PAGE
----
Which Type of Blue Cheese is Right For You? Everything You Need to Know About Stilton, Gorgonzola Dolce, Maytag and More
A mild cheese made in Iowa, it makes a great beginner blue for snacking with crackers.
Recipe to try: Stephanie Izard's Mashed Blue Cheese Sweet Potatoes
Made in northern Italy, it's creamy, soft, spreadable—and one of Rach's faves. Slather it on a burger.
Recipe to try: Spicy Cheddar Burgers with Chunky Blue Cheese Aioli
One of Ireland's artisanal varieties, this buttery, mellow cheese pairs well with dried fruit.
Recipe to try: Cashel Blue Cheesecake with Honey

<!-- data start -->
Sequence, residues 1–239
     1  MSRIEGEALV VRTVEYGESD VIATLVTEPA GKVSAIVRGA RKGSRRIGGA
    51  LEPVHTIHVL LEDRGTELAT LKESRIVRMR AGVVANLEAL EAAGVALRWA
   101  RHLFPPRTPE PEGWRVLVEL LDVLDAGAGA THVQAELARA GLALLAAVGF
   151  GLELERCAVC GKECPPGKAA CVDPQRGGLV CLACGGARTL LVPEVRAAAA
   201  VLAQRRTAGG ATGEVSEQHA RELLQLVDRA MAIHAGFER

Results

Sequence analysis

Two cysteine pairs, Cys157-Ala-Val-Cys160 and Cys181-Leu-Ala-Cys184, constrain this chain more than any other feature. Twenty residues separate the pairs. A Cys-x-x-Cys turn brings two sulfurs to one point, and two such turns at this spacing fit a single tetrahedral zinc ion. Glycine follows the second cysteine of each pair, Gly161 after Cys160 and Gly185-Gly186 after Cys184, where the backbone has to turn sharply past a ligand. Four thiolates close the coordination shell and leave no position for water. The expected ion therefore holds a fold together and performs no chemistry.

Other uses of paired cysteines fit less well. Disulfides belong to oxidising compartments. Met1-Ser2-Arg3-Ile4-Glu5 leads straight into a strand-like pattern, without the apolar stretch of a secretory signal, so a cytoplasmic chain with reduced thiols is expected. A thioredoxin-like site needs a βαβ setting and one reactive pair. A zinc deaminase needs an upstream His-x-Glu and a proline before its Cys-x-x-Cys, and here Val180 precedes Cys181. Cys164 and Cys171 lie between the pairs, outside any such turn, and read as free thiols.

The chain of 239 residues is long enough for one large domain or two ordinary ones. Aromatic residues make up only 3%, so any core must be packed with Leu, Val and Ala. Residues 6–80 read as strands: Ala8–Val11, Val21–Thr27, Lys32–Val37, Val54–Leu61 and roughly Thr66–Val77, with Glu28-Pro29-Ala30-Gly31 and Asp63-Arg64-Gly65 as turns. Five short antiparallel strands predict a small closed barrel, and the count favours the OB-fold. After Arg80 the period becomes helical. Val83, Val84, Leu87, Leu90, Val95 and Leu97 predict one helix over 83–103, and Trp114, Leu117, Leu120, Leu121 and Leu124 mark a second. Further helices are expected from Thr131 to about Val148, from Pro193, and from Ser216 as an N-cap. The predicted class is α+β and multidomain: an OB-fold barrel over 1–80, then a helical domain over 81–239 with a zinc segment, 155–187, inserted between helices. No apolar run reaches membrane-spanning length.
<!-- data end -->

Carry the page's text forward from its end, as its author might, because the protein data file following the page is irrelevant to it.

A grassy, pungent, slightly crumbly French blue, it makes a tasty salad topper. Or serve it with fresh fruit.
The best-known British blue, this cheese has a strong, spicy flavor that works well with apple and pear slices.
Recipe to try: Fruit and Nuts Queso
A sheep's-milk cheese from southern France, it ranks among the strongest blues, so this is for folks who love a funky flavor. It's a cheese-plate must.
Recipe to try: Pickled Vegetable & Blue Cheese Toss
Pair this potent (in a good way) Spanish cheese with cured meats and crusty bread.